• I was severely depressed. Severely. I’m spiritual now too, though not clear on anything.

        • Im sorry to hear about your depression. That will stop recovery like nothing else. You’re not depressed anymore, right? I’m guessing its not so much the anger holding back recovery as much as the depression. People just can’t get better when depressed. I was so scared of getting depressed, I was getting evaluated constantly….to be sure I was ok, even though I thought I was fine. I actually had a big argument with one of the nurses that tried to insist I take an antidepressant. I didn’t need it, nor did I want it…..but I was a little scared my hard head would hurt me in the long run. Nope. I hoping they didn’t know something more than I did. Nope. I was fine…thank god!

  2. I understand what you are going through. I mean who wouldn’t. But I would like to share too that I also sometimes undergo a phase like yours, hating the world and everybody. But that is not because I have experienced the same state as you are in. It is just a different kind of state. Anyway, I hope things would get better with you. 🙂

  3. Thank you for this. Zack gets crabby….understandably. Very, very understandably. But, the man amazes me. He still fights to be who he is: loving, kind, sweet, thoughtful, gentle, generous. Even as I write this I am in tears, I can’t believe how graciously he is handling this. I surely would not be as gracious. I would probably be a raging biotch who scared everyone around me because I don’t like not being able to do things on my own. Gosh, I can’t even imagine. I’ll say it for the rest of my life and never understand fully…you guys are amazing. God bless you all.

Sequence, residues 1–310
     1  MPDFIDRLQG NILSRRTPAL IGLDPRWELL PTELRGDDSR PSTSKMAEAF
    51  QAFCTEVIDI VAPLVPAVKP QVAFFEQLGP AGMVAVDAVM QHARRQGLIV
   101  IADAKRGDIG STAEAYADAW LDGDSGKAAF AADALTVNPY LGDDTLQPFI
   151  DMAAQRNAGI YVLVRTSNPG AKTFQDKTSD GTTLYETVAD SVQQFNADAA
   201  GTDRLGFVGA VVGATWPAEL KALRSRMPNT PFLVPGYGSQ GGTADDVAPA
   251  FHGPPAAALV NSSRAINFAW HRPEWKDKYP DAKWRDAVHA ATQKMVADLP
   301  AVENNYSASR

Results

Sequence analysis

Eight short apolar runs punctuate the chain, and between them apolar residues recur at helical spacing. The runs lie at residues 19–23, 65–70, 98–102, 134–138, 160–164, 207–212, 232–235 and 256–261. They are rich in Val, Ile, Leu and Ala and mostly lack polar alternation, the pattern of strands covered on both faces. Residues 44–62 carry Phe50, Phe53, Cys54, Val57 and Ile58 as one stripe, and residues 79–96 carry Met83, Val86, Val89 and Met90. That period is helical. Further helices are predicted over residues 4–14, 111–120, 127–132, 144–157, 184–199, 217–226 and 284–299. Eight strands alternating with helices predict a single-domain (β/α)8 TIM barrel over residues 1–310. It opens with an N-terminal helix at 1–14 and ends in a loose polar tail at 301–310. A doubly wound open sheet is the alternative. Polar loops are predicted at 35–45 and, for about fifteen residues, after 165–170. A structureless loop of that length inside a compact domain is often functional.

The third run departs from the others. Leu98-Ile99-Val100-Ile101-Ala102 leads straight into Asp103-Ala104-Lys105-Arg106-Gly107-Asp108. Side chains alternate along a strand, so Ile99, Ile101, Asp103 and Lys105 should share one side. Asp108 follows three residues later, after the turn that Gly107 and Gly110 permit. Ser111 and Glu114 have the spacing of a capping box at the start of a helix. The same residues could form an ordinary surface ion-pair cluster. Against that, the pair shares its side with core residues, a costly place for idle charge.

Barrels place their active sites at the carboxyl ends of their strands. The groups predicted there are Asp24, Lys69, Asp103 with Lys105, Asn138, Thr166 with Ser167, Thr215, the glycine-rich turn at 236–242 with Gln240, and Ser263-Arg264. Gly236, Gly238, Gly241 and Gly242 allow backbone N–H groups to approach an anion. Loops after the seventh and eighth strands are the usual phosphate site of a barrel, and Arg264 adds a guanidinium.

4. To help everyone around me and me, first you have to realize this is typical of grief counseling. With a death of a loved one it usually takes a year to go through the process, but with a stroke or other devastating trauma it may take longer. You can flip flop through the stages depending on your mood and it creates the moods.

    Five stages of grief…
    1)Denial and isolation

  5. I am a raging bitch because I don’t like not being able to do things on my own. I knew I would be this way if I was ever disabled and I told my attorney that I wanted that in my living will, but he wasn’t comfortable with it so he didn’t put it in. When I was in acute care, I kept telling them I didn’t want to survive but no one listened and I ended up with neurosurgery which may or may not have saved my life. Then again maybe I ended up with neurosurgery because the surgeon (Dr. Steig at Weill Cornell in New York City)) was paid $57,000 for about an hour’s work, which I believe he screwed up but that’s another story for another time. My husband tried to tell them that I was philosophically okay with dying and that I would prefer it but nobody listened. I don’t have much hope that things will change. I need a full recovery in order to survive and the odds of that happening are slim to non-existent, so says the medical establishment. Depression is nasty, but, frankly, I think not to be depressed for me under these circumstances would be abnormal. My animals are an enormous help. As a physician, I have learned that life isn’t sacred, it is actually living that is sacred, but very few in the medical industrial complex seem to get this. Dean, I read your blog every day (right after Amy’s) because 1- you save me lots of time by putting all the papers I need to read in one place and 2- you are kind of pissed off all the time which I like.